Castles and Fortifications of England and Wales

RYE AND WINCHELSEA


YPRES TOWER
Photo Charles Taylor

Rye & Winchelsea are both fortified towns dating from the 13th century and only two miles apart. They were both important fishing towns and centres of ship building.

The Ypres Tower in Rye is the earliest remaining fortification dating from 1249. Rye's defences were strengthened with stone walls and 4 gateways in the 14th century after the town was destroyed in 1377 but of these only the Tower and the Landgate still stand. The tower, originally known as Baddings Tower, was used from 1494 until 1891 as a prison but since 1954 it has housed the town's museum.There are no remains of the original Norman Castle.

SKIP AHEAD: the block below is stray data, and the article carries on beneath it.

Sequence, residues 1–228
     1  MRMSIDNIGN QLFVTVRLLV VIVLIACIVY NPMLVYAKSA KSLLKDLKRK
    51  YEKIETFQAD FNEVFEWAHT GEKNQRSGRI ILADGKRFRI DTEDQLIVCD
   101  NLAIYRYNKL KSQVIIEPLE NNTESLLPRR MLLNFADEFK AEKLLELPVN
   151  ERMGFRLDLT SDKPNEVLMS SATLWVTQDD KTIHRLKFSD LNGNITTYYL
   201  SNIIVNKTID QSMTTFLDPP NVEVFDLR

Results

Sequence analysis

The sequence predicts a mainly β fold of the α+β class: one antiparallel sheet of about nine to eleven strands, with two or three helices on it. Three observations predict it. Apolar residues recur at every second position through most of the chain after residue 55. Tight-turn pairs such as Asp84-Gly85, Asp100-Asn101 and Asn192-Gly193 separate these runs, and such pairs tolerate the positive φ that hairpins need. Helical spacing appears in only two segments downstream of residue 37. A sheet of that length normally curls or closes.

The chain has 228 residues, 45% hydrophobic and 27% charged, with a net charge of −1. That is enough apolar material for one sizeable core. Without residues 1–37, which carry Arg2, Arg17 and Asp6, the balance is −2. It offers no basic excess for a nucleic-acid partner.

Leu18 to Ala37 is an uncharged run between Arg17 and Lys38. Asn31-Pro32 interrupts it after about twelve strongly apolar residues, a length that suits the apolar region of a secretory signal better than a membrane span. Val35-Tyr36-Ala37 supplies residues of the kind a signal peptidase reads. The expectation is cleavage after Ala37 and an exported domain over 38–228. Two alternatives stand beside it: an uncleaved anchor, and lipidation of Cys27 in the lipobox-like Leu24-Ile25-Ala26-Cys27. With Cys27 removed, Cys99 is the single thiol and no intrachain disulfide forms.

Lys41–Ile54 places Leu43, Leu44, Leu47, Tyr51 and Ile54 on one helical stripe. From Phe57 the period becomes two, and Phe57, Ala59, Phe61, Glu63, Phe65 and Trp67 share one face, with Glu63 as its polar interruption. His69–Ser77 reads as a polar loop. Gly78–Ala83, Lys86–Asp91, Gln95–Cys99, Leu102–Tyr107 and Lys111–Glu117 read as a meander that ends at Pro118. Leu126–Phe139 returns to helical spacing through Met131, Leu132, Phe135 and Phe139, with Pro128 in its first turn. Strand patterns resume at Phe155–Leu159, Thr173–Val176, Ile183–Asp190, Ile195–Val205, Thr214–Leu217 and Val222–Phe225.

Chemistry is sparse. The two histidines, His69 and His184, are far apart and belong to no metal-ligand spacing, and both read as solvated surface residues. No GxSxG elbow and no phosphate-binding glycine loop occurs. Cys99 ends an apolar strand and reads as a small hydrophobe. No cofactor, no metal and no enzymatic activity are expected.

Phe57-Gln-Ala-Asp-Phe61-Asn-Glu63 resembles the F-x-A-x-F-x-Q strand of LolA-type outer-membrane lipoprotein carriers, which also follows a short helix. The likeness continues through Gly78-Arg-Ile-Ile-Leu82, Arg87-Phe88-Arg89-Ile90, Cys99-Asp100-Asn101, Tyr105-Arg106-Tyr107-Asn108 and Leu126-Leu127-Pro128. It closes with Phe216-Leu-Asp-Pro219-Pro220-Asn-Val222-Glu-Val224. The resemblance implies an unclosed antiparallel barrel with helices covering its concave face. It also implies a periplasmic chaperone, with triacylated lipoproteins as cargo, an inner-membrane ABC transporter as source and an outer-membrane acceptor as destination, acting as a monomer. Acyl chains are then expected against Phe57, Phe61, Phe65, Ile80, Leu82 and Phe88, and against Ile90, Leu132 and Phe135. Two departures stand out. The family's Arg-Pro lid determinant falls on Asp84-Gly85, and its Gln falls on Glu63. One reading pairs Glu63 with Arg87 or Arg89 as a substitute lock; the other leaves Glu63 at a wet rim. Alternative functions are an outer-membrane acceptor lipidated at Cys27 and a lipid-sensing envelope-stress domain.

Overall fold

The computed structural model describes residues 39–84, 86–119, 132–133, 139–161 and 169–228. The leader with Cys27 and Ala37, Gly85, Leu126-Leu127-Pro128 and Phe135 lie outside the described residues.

Photo Charles Taylor Photo Charles Taylor Rye Landgate (exterior) photo Charles Taylor Rye Landgate (interior) photo Charles Taylor

The first town of Winchelsea was washed away by the sea in 1252 after which it was rebuilt on higher ground. Fortification began in 1283, but the three gateways that are still standing, Strand, Pipewell and New Gates, probably date from the 14th or 15th century.

Winchelsea Strand Gate photo Charles Taylor Winchelsea Strand Gate photo Charles Taylor Winchelsea Pipewell Gate photo Charles Taylor Winchelsea Pipewell Gate photo Charles Taylor Winchelsea New Gate photo Charles Taylor Winchelsea New Gate photo Charles Taylor

 

Directions
Ypres Tower - 3 East St, Rye TN31 7JY

 



VIEW LARGER MAP OF RYE IN NEW WINDOW

 
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